LR doesn't modify your original images. It stores the edits you have done in the catalog, in the file itself "As Edits" depending on the file or to a XMP file.
So if you have an image that was cropped when you Re-Develop that image and hit the Crop Tool the original image will be display with the original crop edit. you can remove that original crop and do another to a different aspect ratio or just resize the original crop to the new aspect ratio.
You can also Reset the image back to as it was when original imported. That is how LR works.
You could also create virtual copies in Lightroom, so previous edits/crops remain in place, and you are performing new edits on the virtual copy. In fact, I would recommend this approach.
To do this, you could select a photo, go to the develop module, then click on Reset to return the photo to its original unedited and uncropped state, press Ctrl-apostrophe (Cmd-apostrophe on a Mac) to make the virtual copy, return to the original edit and select the last edited state in the history to return that photo to its edited/cropped state.
Collections really have no application with regards to the issue of re-editing/re-cropping photos. Collections are useful for keeping certain photos together for some purpose.
I think using a collection would really simplify things when you are trying to isolate such a small number of images from a large library. Collections are relatively simple to understand, in my opinion. All you have to do is create a new collection, naming it anything you want. When you add images to a collection, you are not creating another copy. You are simply creating a link to the same image. And you can group images together in that collection from different folders and even different hard drives. So the collection would contain the 100-150 photos that you are talking about. Then you could just work on those images to crop them and prepare them for display on the TV. You could even create virtual copies and then filter to only show virtual copies and do all of your cropping and adjustments to those images. Then you can export those virtual copies as JPEG images which you can use to prepare your slideshow.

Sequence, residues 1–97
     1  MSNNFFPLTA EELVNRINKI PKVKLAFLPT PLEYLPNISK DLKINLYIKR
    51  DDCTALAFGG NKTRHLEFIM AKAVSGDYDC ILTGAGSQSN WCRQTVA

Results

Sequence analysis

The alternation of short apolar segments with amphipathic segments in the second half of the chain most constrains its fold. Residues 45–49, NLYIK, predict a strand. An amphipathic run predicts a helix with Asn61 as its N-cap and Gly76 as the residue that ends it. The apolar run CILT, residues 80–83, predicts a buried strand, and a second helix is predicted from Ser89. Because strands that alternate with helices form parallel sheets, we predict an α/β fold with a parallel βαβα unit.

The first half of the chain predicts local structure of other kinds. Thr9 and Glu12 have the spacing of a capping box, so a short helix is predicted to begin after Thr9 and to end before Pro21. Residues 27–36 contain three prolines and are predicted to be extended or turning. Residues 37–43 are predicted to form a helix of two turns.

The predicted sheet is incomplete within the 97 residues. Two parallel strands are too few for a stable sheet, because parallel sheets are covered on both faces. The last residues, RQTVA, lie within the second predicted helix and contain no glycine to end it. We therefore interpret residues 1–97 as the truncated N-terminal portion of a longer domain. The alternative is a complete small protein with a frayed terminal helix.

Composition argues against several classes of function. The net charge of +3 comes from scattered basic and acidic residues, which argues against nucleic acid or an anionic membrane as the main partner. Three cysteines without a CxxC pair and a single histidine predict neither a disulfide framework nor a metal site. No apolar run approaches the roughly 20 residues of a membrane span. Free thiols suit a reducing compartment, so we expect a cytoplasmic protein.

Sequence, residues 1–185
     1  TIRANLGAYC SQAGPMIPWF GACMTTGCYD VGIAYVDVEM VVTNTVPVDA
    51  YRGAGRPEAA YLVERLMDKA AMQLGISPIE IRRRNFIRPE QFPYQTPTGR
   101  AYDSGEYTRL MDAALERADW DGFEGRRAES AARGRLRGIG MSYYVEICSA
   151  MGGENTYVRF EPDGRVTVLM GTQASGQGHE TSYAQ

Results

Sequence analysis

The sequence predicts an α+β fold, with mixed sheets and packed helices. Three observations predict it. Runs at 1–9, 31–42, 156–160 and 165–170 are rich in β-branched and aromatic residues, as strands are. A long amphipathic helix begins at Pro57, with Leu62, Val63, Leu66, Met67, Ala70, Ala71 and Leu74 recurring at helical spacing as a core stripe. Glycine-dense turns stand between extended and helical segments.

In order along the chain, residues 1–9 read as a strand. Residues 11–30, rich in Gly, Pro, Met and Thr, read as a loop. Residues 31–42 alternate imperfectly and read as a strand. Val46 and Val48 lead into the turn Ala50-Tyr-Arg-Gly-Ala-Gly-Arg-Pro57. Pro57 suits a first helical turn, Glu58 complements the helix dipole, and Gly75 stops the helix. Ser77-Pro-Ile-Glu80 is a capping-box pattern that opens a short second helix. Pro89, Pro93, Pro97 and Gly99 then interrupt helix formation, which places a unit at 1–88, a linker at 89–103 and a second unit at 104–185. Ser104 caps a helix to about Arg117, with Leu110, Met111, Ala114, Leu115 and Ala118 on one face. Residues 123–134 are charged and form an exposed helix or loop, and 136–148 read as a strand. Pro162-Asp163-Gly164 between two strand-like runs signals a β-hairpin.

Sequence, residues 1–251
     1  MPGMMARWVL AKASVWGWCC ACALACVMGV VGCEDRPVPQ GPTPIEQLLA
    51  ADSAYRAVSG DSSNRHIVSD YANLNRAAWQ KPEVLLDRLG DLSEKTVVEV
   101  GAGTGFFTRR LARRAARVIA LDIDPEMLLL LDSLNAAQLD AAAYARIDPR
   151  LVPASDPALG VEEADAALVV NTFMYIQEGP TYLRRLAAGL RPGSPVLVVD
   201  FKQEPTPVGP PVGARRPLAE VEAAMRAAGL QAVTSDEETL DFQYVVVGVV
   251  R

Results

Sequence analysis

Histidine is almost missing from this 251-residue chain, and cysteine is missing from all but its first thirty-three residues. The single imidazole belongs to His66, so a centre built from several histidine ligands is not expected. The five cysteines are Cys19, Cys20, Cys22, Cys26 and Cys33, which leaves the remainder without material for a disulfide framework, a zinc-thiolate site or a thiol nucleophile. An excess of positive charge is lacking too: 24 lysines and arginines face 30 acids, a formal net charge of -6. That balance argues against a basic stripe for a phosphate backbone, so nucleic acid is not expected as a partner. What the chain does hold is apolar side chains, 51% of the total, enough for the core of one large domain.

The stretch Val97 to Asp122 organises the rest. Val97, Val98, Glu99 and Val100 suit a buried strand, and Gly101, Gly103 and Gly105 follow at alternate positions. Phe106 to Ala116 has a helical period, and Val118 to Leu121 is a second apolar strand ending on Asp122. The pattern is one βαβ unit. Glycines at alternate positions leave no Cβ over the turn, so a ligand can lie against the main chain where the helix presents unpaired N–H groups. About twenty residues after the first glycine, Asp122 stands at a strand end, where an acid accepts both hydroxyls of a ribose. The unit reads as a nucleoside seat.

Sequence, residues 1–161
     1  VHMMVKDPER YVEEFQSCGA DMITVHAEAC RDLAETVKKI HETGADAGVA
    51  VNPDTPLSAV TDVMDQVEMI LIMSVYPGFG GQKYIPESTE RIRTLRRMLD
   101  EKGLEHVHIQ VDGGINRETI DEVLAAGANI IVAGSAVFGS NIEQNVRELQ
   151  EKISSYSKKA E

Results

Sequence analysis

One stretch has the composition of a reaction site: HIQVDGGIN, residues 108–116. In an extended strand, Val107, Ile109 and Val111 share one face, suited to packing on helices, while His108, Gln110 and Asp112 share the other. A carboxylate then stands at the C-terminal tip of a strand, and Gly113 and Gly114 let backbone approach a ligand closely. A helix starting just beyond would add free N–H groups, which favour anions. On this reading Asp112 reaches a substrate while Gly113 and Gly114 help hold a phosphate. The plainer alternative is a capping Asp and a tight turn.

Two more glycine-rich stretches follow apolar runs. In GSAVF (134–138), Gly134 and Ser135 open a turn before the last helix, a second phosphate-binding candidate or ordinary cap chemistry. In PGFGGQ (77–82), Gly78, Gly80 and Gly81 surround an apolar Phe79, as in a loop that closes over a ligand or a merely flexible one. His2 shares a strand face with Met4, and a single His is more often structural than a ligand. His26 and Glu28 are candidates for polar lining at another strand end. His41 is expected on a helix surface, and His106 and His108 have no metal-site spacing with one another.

Obviously, there are a number of different ways to do things. I am only providing a couple of suggestions which you may or may not want to use.
Whenever I am creating a wedding album I will create a collection first and choose all of the images that I want in the album and put them into the collection. Then I crop and work on them until I think they are ready for the album. I export JPEG files from the collection and use those exported images to create my album. I don't use the book module in Lightroom. I prefer another software. But using the collections has really helped expedite my projects.
I think using a collection would really simplify things when you are trying to isolate such a small number of images from a large library.
Well, the original poster said that these photos would be isolated using flags, that seems sufficient to me to get the job done in this case. If you add picks flags to the desired photos, you don't really need to then further isolate these photos by putting them in a collection.
I apologize for the suggestion. So should I withdraw my post?
No, I just want the original poster to understand that she picked out a method that works for her selection of the desired photos.
And I was just trying to explain collections because the OP indicated that they had never used collections. Different methods, same results. I guess it's all a matter what works best for the individual.